For most people, having more than one partner at a time seems like an extremely unconventional practice. After all, monogamy is woven into the very fabric of our society. Everything from our laws, to media, to love songs, is completely predicated on two-person relationships being not just ‘the norm’, but damn near the only available choice.
But it’s 2022, and our conceptions of gender, sexuality, and relationships are being broken down. Nowadays, more and more people are expressing genuine interest in the idea of an ethically non-monogamous (ENM) relationship.
According to a recent study, about one in five Americans have engaged in some type of consensual nonmonogamy – whether that means entering an open relationship, trying their hand at swinging, or joining a “polycule.” Another recent study found that a third of all Americans say their ideal relationship is non-monogamous!
So if you’re one of those people whose curiosity has been sparked by the idea of non-monogamy, then this guide is for you. Read on to learn more about terms related to ENM, the different types of ENM relationships, as well as what ENM dating and an ENM marriage can look like.
ENM Meaning: What Is ENM?
To understand what ENM is, let’s first look at the word “monogamy”. It comes from the Greek “monos” meaning alone and “gamos” meaning marriage. Thus, the practice of monogamy involves having a relationship (casual, sexual, romantic, or otherwise) with only one person at a time.
Ethical non-monogamy (ENM), on the other hand, is the opposite of monogamy. It is an umbrella term used to describe several practices involving having more than one romantic and/or sexual partner at a time.
Now, is ENM the same as cheating? No.
Ethical non-monogamy is different from cheating in the sense that, with the latter, only one party is aware of any romantic or sexual involvement had outside of the relationship. However, in an ENM relationship, everyone involved is not only aware but also enthusiastically consenting to the dynamic. In fact, consent (and communication) are incredibly crucial to maintaining an ENM relationship.
Arguably, the most well-known form of ENM is polyamory.
What Does Polyamorous Mean?
To define “polyamorous”, let’s take another quick lesson in Greek. The word polyamorous is a combination of the Greek term “poly”, meaning many or more than one, and the Latin term “amor” meaning love. Thus, a good way of summarizing the polyamory definition could be loving or entering an intimate relationship with more than one person at a time.
How is polyamory different from other types of ENMs? Unlike swingers or people in open relationships who focus more on having casual sexual relationships outside of their primary relationship, polyamorous people seek to be sexually and romantically involved with their partner/s.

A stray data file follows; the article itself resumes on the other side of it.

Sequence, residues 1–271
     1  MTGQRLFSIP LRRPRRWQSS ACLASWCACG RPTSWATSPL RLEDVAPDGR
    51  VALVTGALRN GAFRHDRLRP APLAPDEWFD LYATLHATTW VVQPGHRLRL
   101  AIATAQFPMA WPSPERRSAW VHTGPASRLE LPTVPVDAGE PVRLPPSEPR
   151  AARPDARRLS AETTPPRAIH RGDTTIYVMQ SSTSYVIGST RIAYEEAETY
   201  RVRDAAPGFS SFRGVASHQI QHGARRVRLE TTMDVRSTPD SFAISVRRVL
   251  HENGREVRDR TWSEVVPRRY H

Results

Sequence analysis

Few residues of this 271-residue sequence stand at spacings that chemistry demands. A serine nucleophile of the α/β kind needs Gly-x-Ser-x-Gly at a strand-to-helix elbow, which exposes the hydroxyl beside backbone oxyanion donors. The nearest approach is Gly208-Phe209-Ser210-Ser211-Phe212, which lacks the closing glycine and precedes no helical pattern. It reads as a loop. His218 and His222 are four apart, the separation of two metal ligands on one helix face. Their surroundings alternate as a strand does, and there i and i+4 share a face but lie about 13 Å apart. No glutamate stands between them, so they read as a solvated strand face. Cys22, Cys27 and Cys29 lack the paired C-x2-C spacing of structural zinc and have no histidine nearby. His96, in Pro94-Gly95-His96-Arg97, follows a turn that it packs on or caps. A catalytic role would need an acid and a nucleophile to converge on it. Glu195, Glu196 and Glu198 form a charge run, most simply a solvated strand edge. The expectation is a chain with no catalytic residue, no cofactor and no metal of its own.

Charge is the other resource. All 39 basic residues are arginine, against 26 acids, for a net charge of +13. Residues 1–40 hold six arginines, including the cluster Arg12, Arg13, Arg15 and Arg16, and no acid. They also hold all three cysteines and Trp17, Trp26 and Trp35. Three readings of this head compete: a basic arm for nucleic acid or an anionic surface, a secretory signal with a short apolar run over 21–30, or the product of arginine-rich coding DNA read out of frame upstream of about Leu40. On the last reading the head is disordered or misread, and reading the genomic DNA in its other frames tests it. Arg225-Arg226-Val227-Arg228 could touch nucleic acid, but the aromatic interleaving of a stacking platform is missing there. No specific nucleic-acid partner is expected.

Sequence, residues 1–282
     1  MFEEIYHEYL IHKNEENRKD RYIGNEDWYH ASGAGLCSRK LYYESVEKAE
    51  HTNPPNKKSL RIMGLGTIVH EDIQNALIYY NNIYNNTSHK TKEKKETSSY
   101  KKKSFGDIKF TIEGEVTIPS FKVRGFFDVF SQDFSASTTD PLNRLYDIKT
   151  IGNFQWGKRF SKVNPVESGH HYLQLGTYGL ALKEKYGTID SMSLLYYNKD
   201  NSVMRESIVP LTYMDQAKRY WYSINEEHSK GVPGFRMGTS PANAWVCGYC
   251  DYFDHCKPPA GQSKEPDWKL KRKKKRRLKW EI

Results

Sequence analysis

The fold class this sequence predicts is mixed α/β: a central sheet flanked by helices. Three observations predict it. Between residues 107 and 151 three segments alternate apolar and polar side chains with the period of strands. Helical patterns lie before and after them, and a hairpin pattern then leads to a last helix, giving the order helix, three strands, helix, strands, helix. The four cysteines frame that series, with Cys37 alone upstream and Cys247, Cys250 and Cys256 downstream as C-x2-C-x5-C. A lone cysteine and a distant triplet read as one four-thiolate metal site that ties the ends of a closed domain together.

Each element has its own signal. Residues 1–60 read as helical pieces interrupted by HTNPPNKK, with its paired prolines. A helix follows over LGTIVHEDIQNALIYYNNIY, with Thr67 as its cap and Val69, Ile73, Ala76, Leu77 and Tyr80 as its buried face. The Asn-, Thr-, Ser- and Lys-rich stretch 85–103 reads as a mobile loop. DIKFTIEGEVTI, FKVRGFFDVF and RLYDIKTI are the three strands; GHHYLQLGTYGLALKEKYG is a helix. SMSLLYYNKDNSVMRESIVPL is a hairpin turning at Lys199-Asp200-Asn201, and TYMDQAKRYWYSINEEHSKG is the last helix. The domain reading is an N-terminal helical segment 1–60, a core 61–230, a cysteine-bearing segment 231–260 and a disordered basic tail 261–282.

Some people see dating multiple people as a lifestyle choice – they enjoy practicing polyamory, but they can also choose to become strictly monogamous. Meanwhile, other polyamorous people see their non-monogamy as an inherent part of their identity, kind of like sexual orientation.
Polyamory Versus Polygamy
Whereas polyamory is the practice of having intimate relationships with more than one person at a time, polygamy is the act of marrying multiple partners.
While polyamorous relationships are legal in most places, polygamous relationships, on the other hand, are not. In most of the US and Canada, polygamy is illegal. However, there are some members of the polyamory community fighting for the decriminalization of polygamy.
Types of Polyamorous Relationships
In true poly fashion, there are many different ways to be in a polyamorous relationship. Here, we look at a few examples of what a polyamorous relationship can look like.
Note that this list does not encompass the myriad ways people can practice having emotional connections and committed relationships with multiple partners.
In a hierarchical polyamorous relationship, you have a “primary” partner whom you prioritize over your “secondary” partner or relationships. Your primary partner is usually the person with whom you cohabitate, share finances, and have children. Your primary partner is also the person with whom you set rules or agreements regarding your polyamorous dynamic. These constraints usually involves things like sexual encounters, emotional intimacy, physical boundaries, relationship satisfaction, etc.
In a non-hierarchical polyamorous relationship, there are no “primary” or “secondary” relationships. Everyone in the polycule – that is, everyone involved in the “relationship map” – is free to be romantically and/or sexually involved with each other in whatever way feels best.
This is sometimes referred to as “relationship anarchy”, although relationship anarchy can also refer to having no hard and fast distinctions between the importance of friends, partners, family, etc.